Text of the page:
A four day meeting last week in Arusha at the headquarters of the East African Community brought together central bank and financial sector participants from the five member states. The sole purpose of that meeting was to discuss and map out a timeframe for the introduction of a single currency for the region, aimed to lower the cost of doing business across the region which would be encouraging more regional transactions. I is also thought that a common currency would enhance the value vis a vis the international currency trading market, compared with the individual ones, an important parameter when dealing with a global economy and make eventual fluctuations more predictable.


The apex body of Tanzania’s tourism sector associations, including amongst them the tour operators association, the hotel association, the air operators association, the travel agents association and others, met last week in Dar es Salaam with the recently appointed minister for natural resources and tourism Hon. Ezekiel Maige to discuss matters of mutual interest. The minister, well acquainted with tourism as he was deputy minister in the same minister before the last general elections, was told of the multiple challenges the sector encounters in their daily work, the need to boost spending for marketing the country abroad but was also handed a number of requirements from the tourism stakeholder what government ought to do to fully develop the industry in regard of special incentives for the industry.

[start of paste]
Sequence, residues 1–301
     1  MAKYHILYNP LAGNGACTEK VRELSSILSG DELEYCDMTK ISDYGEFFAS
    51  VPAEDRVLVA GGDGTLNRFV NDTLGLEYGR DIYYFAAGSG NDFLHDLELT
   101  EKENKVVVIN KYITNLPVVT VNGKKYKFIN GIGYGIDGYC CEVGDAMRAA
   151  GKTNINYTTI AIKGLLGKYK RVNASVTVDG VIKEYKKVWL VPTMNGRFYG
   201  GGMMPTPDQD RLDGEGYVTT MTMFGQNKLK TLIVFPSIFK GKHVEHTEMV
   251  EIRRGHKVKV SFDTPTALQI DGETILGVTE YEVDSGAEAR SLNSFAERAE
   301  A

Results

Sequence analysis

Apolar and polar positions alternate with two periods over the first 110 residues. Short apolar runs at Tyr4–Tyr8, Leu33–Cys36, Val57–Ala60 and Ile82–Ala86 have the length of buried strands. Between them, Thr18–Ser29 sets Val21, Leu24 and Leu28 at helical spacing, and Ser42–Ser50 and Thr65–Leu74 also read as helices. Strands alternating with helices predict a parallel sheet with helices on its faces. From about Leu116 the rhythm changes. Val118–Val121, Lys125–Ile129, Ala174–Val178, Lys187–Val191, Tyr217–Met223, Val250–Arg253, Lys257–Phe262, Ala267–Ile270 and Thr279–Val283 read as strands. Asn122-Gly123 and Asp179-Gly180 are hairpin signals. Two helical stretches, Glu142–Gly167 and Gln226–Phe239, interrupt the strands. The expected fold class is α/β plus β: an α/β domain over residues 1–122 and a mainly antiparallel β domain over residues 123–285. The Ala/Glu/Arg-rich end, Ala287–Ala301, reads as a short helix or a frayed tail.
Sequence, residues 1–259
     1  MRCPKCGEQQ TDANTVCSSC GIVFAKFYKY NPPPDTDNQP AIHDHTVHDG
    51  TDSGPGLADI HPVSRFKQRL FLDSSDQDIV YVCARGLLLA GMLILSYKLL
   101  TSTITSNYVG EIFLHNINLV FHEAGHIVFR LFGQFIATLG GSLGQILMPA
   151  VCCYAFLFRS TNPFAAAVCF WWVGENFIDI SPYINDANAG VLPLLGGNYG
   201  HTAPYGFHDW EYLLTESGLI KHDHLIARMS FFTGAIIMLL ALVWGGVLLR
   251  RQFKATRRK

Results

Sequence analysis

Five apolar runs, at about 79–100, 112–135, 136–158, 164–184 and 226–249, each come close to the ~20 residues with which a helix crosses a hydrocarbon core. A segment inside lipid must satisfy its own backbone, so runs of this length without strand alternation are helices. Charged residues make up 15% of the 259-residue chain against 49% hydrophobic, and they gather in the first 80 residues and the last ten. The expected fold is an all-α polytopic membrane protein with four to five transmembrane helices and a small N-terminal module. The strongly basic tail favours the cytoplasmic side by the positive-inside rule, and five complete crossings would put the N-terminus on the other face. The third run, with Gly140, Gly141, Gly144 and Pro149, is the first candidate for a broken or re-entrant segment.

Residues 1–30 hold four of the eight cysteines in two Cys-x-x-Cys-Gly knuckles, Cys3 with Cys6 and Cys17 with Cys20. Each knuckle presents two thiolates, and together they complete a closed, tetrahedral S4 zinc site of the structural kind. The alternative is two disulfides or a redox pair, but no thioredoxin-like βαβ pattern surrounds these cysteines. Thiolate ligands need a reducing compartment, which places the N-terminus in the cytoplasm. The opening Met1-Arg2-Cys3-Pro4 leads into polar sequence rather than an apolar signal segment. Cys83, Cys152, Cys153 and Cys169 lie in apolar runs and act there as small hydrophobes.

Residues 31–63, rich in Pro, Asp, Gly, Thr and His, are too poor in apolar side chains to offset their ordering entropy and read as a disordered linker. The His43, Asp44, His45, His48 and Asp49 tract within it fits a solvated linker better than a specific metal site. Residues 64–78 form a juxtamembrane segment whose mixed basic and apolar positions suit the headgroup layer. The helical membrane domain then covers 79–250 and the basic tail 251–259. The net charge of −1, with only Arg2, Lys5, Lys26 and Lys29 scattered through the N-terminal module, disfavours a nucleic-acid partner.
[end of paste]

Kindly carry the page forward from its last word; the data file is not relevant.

News broke last week that Kempinski Hotels were given a site in the old stone town of Zanzibar for re-development into a 5 star hotel. It is understood from a source in Dar es Salaam that government appeared less than amused over the prospect of UNESCO taking another issue with a Tanzanian World Heritage Site, after the plans for the controversial Serengeti Highway have already raised the possibility of UNESCO striking out that world renowned national park from its listings. The old stone town in Zanzibar is unique, in as far as its history and preservation is concerned and attempts to build high rise office blocks have in the past been almost unanimously defeated in the respective planning offices. A former cabinet minister is now implicated, together with some other officials to have used influence peddling to give the site to Kempinski, and the hotel company is loath of the idea of getting into the conservation bad books, more so as their Bilila Lodge in the heart of the Serengeti has already drawn sustained criticism over its alleged negative impact on the ecosystem. The Stone Town site, located on the Forodhani ocean front, has so far accommodated a number of government offices which will be required to move elsewhere first before anything much can happen on site, and other relevant government departments have already rushed into the controversy claiming that prerequisite permissions have also not been obtained as yet by Kempinski, raising the spectrum of the project being delayed for long periods of time, made substantially more expensive or shelved altogether – conservationists of course would prefer the latter option. While discussing the issue with a regular source in Tanzania the issue of a similar project of Serena Hotels was also raised. East Africa’s leading hotel group had in the past restored and meticulously maintained the outer appearances of initially rundown buildings, and in their unique fashion not only restored them externally but ‘inserted’ a fully functioning top hotel into the location without affecting the character of the neighbourhood. The project has won several global awards in the past, a sign that careful planning and working hand in hand with the local community can actually produce stunning results. In contrast, the same cannot be said at this time about the Kempinski project, more so as regular sources were reportedly given the cold shoulder by Kempinski over an issue where stonewalling is the last thing one would want to do, considering the sensitivities of the Zanzibari population and their pride of being a UNESCO World Heritage Site, now under ‘threat’ by the new project. Watch this space as more information becomes available.